Hondo (Louis L'Amour's Lost Treasures): A Novel

Hondo (Louis L'Amour's Lost Treasures): A Novel

by Louis L'Amour

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Overview

As part of the Louis L’Amour’s Lost Treasures series, this edition contains exclusive bonus materials!

He was etched by the desert’s howling winds, a big, broad-shouldered man who knew the ways of the Apache and the ways of staying alive. She was a woman alone raising a young son on a remote Arizona ranch. And between Hondo Lane and Angie Lowe was the warrior Vittoro, whose people were preparing to rise against the white men. Now the pioneer woman, the gunman, and the Apache warrior are caught in a drama of love, war, and honor.

Louis L’Amour’s Lost Treasures is a project created to release some of the author’s more unconventional manuscripts from the family archives.
 
In Louis L’Amour’s Lost Treasures: Volumes 1, Beau L’Amour takes the reader on a guided tour through many of the finished and unfinished short stories, novels, and treatments that his father was never able to publish during his lifetime. L’Amour’s never-before-seen first novel, No Traveller Returns, faithfully completed for this program, is a voyage into danger and violence on the high seas. These exciting publications will be followed by Louis L’Amour’s Lost Treasures: Volume 2.
 
Additionally, many beloved classics will be rereleased with an exclusive Lost Treasures postscript featuring previously unpublished material, including outlines, plot notes, and alternate drafts. These postscripts tell the story behind the stories that millions of readers have come to know and cherish.

Product Details

ISBN-13: 9780593129937
Publisher: Random House Publishing Group
Publication date: 06/25/2019
Series: Louis L'Amour's Lost Treasures
Sold by: Random House
Format: NOOK Book
Pages: 272
Sales rank: 21,359
File size: 2 MB

About the Author

Our foremost storyteller of the authentic West, Louis L'Amour has thrilled a nation by chronicling the adventures of the brave men and women who settled the American frontier. There are more than 300 million copies of his books in print around the world.

Date of Birth:

March 22, 1908

Date of Death:

June 10, 1988

Place of Birth:

Jamestown, North Dakota

Education:

Self-educated

Read an Excerpt

CHAPTER 1

HE ROLLED THE cigarette in his lips, liking the taste of the tobacco, squinting his eyes against the sun glare. His buckskin shirt, seasoned by sun, rain, and sweat, smelled stale and old. His jeans had long since faded to a neutral color that lost itself against the desert.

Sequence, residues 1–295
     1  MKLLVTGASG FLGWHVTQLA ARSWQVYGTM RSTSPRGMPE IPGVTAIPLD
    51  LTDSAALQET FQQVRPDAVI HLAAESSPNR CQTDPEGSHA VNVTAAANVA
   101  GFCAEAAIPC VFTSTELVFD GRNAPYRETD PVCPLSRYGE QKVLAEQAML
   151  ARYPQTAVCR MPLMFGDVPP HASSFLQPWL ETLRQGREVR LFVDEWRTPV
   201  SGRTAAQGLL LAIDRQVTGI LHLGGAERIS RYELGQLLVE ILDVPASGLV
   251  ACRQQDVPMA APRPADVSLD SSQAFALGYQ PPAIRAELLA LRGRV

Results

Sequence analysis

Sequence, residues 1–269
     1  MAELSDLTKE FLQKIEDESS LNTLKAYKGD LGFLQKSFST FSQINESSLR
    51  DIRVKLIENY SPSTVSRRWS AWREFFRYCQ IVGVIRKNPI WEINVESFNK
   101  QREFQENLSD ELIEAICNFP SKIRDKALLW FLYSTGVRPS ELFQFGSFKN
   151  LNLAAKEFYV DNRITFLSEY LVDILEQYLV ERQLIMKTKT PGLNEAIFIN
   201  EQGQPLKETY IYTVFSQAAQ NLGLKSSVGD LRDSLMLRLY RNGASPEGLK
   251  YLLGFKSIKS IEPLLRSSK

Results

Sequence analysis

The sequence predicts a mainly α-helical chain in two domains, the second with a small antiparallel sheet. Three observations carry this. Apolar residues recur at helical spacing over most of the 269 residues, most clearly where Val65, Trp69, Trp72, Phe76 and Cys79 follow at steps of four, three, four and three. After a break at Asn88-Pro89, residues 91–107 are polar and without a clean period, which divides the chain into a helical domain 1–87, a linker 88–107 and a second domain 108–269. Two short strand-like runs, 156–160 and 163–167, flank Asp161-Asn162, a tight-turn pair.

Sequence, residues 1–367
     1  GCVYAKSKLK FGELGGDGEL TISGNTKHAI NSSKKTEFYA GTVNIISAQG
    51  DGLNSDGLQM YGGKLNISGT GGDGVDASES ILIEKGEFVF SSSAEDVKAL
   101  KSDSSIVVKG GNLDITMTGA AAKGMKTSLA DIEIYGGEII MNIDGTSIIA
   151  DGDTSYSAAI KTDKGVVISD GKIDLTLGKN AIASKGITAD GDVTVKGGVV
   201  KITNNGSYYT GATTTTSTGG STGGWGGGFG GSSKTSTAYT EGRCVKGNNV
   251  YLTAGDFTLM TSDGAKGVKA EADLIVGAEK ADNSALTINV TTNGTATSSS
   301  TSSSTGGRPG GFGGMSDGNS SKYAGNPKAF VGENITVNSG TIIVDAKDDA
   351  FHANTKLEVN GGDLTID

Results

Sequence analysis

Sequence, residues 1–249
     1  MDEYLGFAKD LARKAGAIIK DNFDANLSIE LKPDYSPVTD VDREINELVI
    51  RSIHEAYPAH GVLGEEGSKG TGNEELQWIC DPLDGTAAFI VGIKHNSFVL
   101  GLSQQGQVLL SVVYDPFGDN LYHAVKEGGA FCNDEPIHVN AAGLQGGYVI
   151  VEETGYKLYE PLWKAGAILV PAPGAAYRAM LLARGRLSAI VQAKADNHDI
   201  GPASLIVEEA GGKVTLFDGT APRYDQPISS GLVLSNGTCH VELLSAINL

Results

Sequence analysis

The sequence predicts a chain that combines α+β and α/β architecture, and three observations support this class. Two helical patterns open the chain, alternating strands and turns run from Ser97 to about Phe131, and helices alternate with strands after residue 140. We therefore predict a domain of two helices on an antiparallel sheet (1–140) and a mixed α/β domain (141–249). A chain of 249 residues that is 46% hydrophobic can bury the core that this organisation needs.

He was a big man, wide-shouldered, with the lean, hard-boned face of the desert rider. There was no softness in him. His toughness was ingrained and deep, without cruelty, yet quick, hard, and dangerous. What­ever wells of gentleness might lie within him were guarded and deep.

An hour passed and there was no more dust, so he knew he was in trouble. He had drawn up short of the crest where his eyes could just see over the ridge, his horse crowded against a dark clump of juniper where he was invisible to any eye not in the immediate vicinity.

The day was still and hot. Sweat trickled down his cheeks and down his body under the shirt. Dust meant a dust devil or riders . . . and this had been no dust devil.

The dust had shown itself, continued briefly, then vanished, and that meant that he also had been seen.

If they were white men fearful of attack, they were now holed up in some arroyo. If they were Apaches, they would be trying to close in.

He studied the terrain with care, a searching study that began in the far distance and worked nearer and nearer, missing no rock, no clump of brush, no upthrust ledge. He saw no further dust, heard no sound, detected no movement.

He did not move. Patience at such a time was more than a virtue, it was the price of survival. Often the first to move was the first to die.

Hondo Lane took out the makings and built another cigarette. When he struck the match he held it well back in the foliage of the juniper, keeping the flare invisible. He drew deep on the cigarette, returning his attention to the terrain.

The rough-looking mongrel dog that followed him had lowered himself into the soft earth beneath another juniper a dozen yards away. The dog was a big brute, gaunt from running.

It was hot. A few lost, cotton-ball bunches of cloud drifted in a brassy sky, leaving rare islands of shadow upon the desert’s face.

Nothing moved. It was a far, lost land, a land of beige-gray silences and distance where the eye reached out farther and farther to lose itself finally against the sky, and where the only movement was the lazy swing of a remote buzzard.

His eyes wandered along the ridge. To his right there was a shallow saddle, the logical place to cross a ridge to avoid being skylined. Logical, but obvious. It was the place an Apache would watch.

There were junipers beyond the ridge, and broken boulders upon the ridge itself. In less than a minute he could cross the ridge and be in the shelter of those junipers, and if he took his time and made no sudden moves to attract the eye, he might easily cross the ridge without being seen.

He thought none of this. Rather it was something he knew, something born of years in wild country.

Hondo Lane crossed the ridge into the junipers and hesitated briefly, studying the country. His every instinct told him those riders had been Apaches and that they were somewhere close by. Yet the dog had given no sign.

He eased his weight in the saddle and checked the eager­ness of the horse, which smelled the water in the river not far ahead.

Finishing his cigarette, he pinched it out and dropped it to the sand and angled down the slope. He slid his Winchester from its scabbard and rode with it across the saddle, keeping his horse to a walk. Vittoro was off the reservation with his fighting men, and that could mean anything. Council fires burned and there was much coming and going among the lodges. Mescaleros had been hunting with the Mimbreños and the border country was alive with rumors.

Hondo Lane could smell trouble, and he knew it was coming, for others and for himself.

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Hondo 4.1 out of 5 based on 0 ratings. 49 reviews.
Guest More than 1 year ago
This is one of L'Amour's first and best Westerns. It truly defines this type of fiction with real men, action, and women. Leaves a lasting satisfaction and is hard to put down.